Letters to the Editor: Mann’s world

February 11, 2009

In recent weeks, a swell of Blogosphere interest has followed Michael Mann’s response to Lawrence Solomon’s National Post column, “Climate change’s Antarctic ruffle,” which critiques a study Mr. Mann had helped to author. In print form, a round-up of letters sparked by the Solomon-Mann commentaries was printed by the National Post on February 11:

Ad hominem attacks, faulty science and a state of denial

Re: Climate Change’s Antarctic Ruffle, Lawrence Solomon, Jan.31;
Tabloid Fossil-Fuel Shill, Michael E. Mann, Feb. 7; and Mann’s
Conclusions Not To Be Believed, Lawrence Solomon, Feb 7.

As
a member of the scientific community, Dr. Mann should realize that
scientific hypotheses — and his global climate-change model is just
that, a hypothesis — are evaluated based on the scientific method:
critical evaluation of the available evidence to determine whether it
supports the hypothesis or not. Using an ad hominem attack
as a response to critical evaluation, as he does in this article, does
not contribute to the factual debate. Rather, it only serves to weaken
his argument. An apt analogy from poker is that Dr. Mann has become so
heavily invested in this pot (hypothesis) that he has gone “all in” —
and been called.

Michael Weber, Biology lab co-ordinator, Carleton University, Ottawa.

—————-

Lawrence Solomon’s Jan. 31 column notes that a recent article in Nature magazine
presents the results of a study that, contrary to earlier general
acceptance, has now deduced that Antarctica’s average temperatures have
actually risen since 1957. In line with the approach of his columns and
his book, The Deniers, Mr. Solomon does not dispute this
personally, but rather relates that the initial response of many top
scientists, including even some in the “doomsayer camp,” has been one
of concern and reservation about the validity of this study’s
methodology and hence its conclusions.

He also notes that one
of the authors was Michael Mann, well known as the author of the global
warming hockey stick temperature graph that a highly-qualified review
panel reporting to the U.S. House of Representatives found to be based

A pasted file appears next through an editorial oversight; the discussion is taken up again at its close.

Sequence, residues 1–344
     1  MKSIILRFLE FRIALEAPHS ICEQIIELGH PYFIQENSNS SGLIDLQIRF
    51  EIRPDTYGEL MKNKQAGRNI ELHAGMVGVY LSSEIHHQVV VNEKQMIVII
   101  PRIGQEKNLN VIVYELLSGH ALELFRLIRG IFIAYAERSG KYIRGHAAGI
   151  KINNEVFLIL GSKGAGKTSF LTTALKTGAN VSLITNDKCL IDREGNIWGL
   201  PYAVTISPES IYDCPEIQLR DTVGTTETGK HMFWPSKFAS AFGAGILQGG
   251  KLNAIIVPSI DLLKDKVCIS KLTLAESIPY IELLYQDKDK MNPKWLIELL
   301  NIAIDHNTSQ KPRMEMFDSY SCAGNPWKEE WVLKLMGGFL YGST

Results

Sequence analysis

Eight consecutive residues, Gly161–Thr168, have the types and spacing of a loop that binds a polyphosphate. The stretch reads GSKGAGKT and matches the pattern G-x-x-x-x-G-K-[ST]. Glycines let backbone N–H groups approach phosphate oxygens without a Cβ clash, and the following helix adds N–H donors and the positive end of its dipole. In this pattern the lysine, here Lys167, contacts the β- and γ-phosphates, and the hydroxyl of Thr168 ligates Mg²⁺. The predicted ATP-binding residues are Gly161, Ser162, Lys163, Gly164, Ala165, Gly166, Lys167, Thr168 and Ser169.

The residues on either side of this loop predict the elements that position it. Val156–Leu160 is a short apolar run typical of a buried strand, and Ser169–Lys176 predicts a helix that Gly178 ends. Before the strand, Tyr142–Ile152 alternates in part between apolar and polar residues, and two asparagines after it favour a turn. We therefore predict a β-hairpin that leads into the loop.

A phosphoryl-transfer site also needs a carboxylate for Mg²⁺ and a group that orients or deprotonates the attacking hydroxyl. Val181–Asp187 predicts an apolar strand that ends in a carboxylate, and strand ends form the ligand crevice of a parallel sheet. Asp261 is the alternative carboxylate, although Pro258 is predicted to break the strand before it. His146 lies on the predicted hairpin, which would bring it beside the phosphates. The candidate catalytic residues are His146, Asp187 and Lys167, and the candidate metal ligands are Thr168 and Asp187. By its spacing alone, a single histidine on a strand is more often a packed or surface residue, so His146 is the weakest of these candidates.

on faulty statistical methodology, and to demonstrate a less certain
and exaggerated historical global temperature trend.

Mann’s Feb.
7 response to Solomon is a ranting cacophony of comments that Mr.
Solomon has simply based this and past efforts in this field on lies
and disinformation, and was influenced and funded by the fossil-fuel
industry. Mann fails to substantiate these accusations, and glosses
over the ignominious demise of the hockey stick graph, seemingly
indicating his state of complete denial. Ironically, this makes him
another Denier, albeit quite a different one from those Mr. Solomon has
written about.

Considering the general tone of Mann’s
response, perhaps it would be fitting to interpret his description of
Mr. Solomon as the “most dishonest industry advocate in the climate
change debate” as actually meaning the “most effective advocate of
open, objective discussion in the debate.”

Gordon Stockman, West Kelowna, B.C.

—————-

The comment from Michael E. Mann, entitled “Tabloid Fossil-Fuel
Shill,” reminds me of an article by Dr. Ralph M. Rotty titled, “The
Nature of the CO2 Problem: Certainties and Uncertainties” published in
1984 in Environmental Progress.

Dr. Rotty suggested then
that; “If the theory is correct, within the next two decades the signal
of the CO2 effect on climate should become quite clear.” He was
referring to the small size of a CO2 induced warming “signal” relative
to the “noise” of natural climate variability.

It seems that
2½ decades later, the warming signal is not clear at all. In addition,
we are now regaled incessantly with other kinds of “noise” from Dr.
Mann and many others who make identification of signal vs. noise very
difficult. His assertion, copped from an army of global warming
dogmatists, that those who question aspects of CO2 induced global
warming are “purveyors of fossil fuel-funded disinformation” is
particularly odious and unhelpful.

Actually, Dr. Rotty’s
article still seems very current and thoughtful. Fast forward from 1984
to 2009 and, if he were still with us, he might again indicate we have
a couple of decades to evaluate the signal and “gain time to better
understand all of the aspects of the problem.” Is it time for another
time out?

Duane Pendergast, Lethbridge, Alta.

—————-

As a former statistical software manager who has dabbled in
portfolio management simulations, I was struck by the similarity in
approach in estimating Antarctic climate change as described in
Lawrence Solomon’s column, “Climate Change Antarctic ruffle.” It’s as
if climate change were being estimated by hedge fund managers and
financial derivative speculators, perhaps with similar results.
Leverage always increases volatility. It’s risky to allot some
individuals too much leverage.

William R Watt, Ottawa.

—————-

While
it is certainly true that the Mann hockey stick temperature plot of the
last millennium “became slapstick as it became an object of ridicule
[once] Mann’s statistical techniques were shown to be entirely
invalid,” Environment Canada continues to at least pretend that it
doesn’t know about this rather old piece of news.

Over five
years after the graph was totally debunked by Canadian experts, the
department still highlights the graph in the climate science section of
its Web site as being indicative of real temperatures over the past
1,000 years. Scientists inside the department know perfectly well that
the graph is wrong, but it appears that politically motivated
communications staff and other political strategists trump real
scientists when it comes to deciding what goes on Environment Canada’s
Web site.

Tom Harris, executive director, International Climate Science Coalition, Ottawa.

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